ESA Appeal Hearing

Has anyone been to an appeal hearing and got any advice to offer me? I have mine next week, I know what I am planning to say and am representing myself but really have no idea what to expect. I don't know whether to be smart or casual ( I don't want to look too well). I don't know how many people will on the panel or how long I'll be there. If I had a idea what to expect I think it would ease my nerves.

Thanks in advance Jenny

7 Replies

  • Hi Jenny, I've been in a benefits tribunal before (with a rep). I suggest that you wear smart casual & feel comfortable. Remember whatever you wear, they will be judging you on your appearance, behaviour & mobility (whether you struggle to take off jacket/jumper; how you sit; how well you look). Always tell them about your day to day living (on your worst days); how do your symptoms affect your everyday? Take copies of all hospital summary letters, GP letters of current state, medication. What health conditions do you have? Why can't you return to work? My last ESA tribunal took a yr to set date, in which time I had pneumonia, SLE flare up, a shadow on my lung, chronic arthritis, gastroenteritis, severe anaemia (had a blood transfusion) & necrotic finger (blood clot in tip of finger). I had been in hospital for 3 wks & was given an ESA tribunal for 2 mths later. I'd sent copies of hospital summary letters (including hospital stay notes), GP letters & doc notes to ESA beforehand. On the day of tribunal, the ESA judge reps phoned & told me that I didn't have to attend & am entitled to ESA. Very strange but a relief. I think it's rare that happens but remember you have to prove to them that you are not fit for work. Stay focused on your objectives & pls keep us posted! Best wishes to you!

  • Hi

    It's usually 3 people on the panel

    A Solicitor (judge) who looks at the legal side

    A Doctor and a Social Worker ( both look at the medical section, what is wrong and how you cope)

    It's not advisable to go on your own, Welfare Rights (they are attached to the local council)

    Their is no time limit, but they will try and catch you out

    You need to know which sections you are disputing and why, you can't enter any new evidence on the day, so if you have missed something off your application you have to send it to the tribunal

    Check out the Benifits and Work web site, they do charge a fee for their material but it's really good, I used it in my claim and it went straight through

    Good luck

  • Hi jenny14, I had mine on the 9/9/15 there was 3 people on the panel as you've been advised. I also had the man from the dwp aswell.. Do you have anyone to represent you? I am with the union.? They approved my claim on the day. Just listen very carefully to the questions and think about how you are gona awnser. And tell them how the condition effects your daily living. Good luck..!!

  • Always recommend get a rep. I do them at CAB and have SLE, myself. Take plenty of evidence, though it's probably too late. If you have time, check out the claim form (ESA50) and jot down notes about how each descriptor affects you and what points you feel you meet. Don't worry about how you look, just wear what us easy to get on. It's not a 'court' it's a big table with a chairman, a GP and someone else who has something to do with disabilities. They are not there to interrogate you, but to find out how your condition affects your abilities. If you can do something, think whether you can do it repeatedly etc. Wish you well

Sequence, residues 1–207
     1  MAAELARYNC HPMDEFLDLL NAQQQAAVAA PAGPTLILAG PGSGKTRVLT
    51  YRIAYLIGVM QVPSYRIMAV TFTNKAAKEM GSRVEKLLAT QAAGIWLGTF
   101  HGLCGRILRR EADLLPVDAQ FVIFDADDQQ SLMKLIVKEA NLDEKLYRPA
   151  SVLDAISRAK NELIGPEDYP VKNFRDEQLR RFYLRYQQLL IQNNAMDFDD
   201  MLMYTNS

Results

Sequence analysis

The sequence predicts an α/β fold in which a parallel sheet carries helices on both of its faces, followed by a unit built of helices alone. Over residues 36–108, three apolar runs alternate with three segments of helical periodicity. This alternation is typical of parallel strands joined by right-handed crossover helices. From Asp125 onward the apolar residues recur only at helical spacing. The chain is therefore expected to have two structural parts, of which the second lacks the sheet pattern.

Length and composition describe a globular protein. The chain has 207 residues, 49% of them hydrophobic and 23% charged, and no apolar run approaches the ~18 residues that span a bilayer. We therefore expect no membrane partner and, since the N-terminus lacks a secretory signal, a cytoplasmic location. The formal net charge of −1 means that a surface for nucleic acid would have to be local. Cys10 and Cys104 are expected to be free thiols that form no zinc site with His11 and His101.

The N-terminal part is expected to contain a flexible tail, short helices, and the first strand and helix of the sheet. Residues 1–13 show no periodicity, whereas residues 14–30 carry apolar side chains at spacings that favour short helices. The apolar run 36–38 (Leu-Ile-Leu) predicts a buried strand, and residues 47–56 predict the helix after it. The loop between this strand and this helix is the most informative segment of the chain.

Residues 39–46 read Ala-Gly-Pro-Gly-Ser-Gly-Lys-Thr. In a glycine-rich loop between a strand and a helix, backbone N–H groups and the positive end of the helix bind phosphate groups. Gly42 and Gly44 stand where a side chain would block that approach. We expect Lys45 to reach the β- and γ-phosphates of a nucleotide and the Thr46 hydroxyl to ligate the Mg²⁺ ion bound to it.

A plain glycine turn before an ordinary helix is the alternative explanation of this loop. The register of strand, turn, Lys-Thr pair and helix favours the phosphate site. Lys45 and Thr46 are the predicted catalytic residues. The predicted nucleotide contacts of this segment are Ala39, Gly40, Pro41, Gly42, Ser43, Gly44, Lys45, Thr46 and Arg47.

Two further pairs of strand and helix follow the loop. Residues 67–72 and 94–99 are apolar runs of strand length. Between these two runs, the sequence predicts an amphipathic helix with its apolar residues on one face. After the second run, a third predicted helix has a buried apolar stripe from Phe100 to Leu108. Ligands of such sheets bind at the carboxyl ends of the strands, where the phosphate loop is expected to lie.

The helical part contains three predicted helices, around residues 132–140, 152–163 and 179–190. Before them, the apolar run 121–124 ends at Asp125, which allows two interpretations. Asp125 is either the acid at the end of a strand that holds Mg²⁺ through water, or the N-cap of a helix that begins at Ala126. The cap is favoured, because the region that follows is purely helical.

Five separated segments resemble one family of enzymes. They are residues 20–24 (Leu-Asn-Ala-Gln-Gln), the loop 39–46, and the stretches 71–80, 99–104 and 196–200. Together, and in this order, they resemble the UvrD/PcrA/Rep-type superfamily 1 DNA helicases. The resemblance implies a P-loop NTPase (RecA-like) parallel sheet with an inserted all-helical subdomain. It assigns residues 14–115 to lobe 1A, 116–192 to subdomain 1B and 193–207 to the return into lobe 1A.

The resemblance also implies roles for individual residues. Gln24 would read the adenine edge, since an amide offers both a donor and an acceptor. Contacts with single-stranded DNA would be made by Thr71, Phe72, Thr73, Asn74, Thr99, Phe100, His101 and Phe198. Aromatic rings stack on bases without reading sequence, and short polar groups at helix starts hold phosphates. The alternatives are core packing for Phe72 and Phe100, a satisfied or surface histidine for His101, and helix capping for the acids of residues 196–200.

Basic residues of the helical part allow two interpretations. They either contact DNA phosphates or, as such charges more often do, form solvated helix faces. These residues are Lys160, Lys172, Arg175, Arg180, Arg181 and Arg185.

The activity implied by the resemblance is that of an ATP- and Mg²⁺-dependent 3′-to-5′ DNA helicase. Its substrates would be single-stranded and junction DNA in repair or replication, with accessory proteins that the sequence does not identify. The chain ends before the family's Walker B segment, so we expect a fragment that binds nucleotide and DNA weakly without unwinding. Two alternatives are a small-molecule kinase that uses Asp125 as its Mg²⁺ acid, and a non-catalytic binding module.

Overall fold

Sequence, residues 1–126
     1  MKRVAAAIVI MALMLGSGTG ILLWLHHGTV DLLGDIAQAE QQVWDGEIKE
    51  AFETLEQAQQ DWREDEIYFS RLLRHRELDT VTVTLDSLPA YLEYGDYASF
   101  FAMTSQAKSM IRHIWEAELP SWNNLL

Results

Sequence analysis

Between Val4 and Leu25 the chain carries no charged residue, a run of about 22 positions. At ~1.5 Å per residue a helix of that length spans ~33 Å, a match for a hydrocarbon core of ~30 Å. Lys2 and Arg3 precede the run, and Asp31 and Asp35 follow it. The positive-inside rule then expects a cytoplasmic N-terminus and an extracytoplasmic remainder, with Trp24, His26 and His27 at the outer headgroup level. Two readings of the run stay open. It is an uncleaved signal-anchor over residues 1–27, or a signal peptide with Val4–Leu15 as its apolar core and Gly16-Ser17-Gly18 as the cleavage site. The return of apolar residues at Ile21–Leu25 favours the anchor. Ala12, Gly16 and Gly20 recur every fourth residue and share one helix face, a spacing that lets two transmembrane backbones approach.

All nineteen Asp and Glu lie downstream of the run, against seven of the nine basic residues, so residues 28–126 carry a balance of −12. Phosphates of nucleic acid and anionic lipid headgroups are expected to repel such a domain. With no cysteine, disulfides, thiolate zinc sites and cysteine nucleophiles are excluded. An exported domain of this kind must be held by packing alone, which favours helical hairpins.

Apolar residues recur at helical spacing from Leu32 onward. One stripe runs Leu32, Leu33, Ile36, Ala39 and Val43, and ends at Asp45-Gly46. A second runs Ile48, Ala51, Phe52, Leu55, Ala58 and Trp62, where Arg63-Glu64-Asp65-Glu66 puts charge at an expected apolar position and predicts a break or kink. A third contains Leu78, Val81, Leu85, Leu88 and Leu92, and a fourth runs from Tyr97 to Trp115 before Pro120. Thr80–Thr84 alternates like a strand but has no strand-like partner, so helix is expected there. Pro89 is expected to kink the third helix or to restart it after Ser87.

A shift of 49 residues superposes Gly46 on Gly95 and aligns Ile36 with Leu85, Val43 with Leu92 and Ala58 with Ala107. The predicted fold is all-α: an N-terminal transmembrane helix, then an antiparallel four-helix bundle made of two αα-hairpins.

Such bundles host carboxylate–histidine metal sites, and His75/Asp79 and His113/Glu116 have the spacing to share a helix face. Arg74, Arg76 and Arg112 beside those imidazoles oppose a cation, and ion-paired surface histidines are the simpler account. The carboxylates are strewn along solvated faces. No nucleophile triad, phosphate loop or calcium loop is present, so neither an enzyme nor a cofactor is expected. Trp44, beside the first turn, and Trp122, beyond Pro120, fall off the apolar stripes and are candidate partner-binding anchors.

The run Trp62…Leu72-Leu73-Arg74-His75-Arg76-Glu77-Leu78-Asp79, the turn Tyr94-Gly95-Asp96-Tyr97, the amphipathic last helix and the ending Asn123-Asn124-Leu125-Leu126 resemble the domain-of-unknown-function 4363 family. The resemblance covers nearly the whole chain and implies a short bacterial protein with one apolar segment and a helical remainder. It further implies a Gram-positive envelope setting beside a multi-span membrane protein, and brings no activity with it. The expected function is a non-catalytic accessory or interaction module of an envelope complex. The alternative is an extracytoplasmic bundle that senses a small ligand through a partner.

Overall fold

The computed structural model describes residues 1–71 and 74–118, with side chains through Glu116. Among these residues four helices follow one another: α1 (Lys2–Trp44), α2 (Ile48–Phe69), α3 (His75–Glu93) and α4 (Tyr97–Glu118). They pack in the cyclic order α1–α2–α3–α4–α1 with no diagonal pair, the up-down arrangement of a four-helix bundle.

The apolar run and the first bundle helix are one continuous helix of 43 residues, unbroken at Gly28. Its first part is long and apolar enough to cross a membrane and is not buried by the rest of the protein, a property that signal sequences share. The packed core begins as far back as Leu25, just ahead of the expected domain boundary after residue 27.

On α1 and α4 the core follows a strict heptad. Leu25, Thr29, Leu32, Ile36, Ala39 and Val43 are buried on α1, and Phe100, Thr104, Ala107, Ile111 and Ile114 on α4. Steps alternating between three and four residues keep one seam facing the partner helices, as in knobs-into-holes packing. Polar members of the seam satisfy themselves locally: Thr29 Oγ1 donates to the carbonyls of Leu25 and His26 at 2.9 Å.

• Advice now is a REALLY good website with info on how to act in an appeal hearing. It gives you two people with the same problem and shows you why one failed and one didnt. we took their advice and put into writing why we felt we should succeed in the appeal and we added all those things you forget about when under pressure. I gives you a transcript to follow and advice on how to answer. It really helped us and I refused to pay 20.00 for advice from other sites. GOOD lUCk

  • Benefits and Work is an excellent site. They go through the appeal process step by step. It is run by a lawyer who knows exactly what applicants should say and what not to say.The advice is second to none and I am only too glad to pay the £19.99 for membership which helps this non profit making site continue for the benefit of all. I haven't found comparable information anywhere else.

    I found CAB unhelpful. They are so short of money and didn't have a welfare expert available. I was turned down after the advice I had from them. Not really their fault. As I said, funding is so bad for advice centres.

    Jenny14, do you have a disability advice centre near you? It may be worth contacting them. They usually have a long waiting list but may know of someone who could advise you informally and come along with you to the appeal. They are not allowed to say anything at the appeal but it is so comforting to have someone there so you don't feel alone, or, a friend/relative who understands your condition to support you.

    I wish you well,


  • Thank you all so much for the advice. I have sent so much evidence, I have seen 7 specialists in the last year and although feel like I have bombarded them with copies of letters I want them to know how complex my medical problems are. My main complaint is that I was assessed by a young physiotherapist who had no understanding of any of my medical conditions and I felt the conversation I had with her was just going way over her head, in the letter I received she didn't manage to identify any of my conditions correctly and so trying to explain how they affected me just felt like a pointless conversation. Describing me as fit was work was incredibly insulting. I will certainly do my research before the hearing and thank you all.


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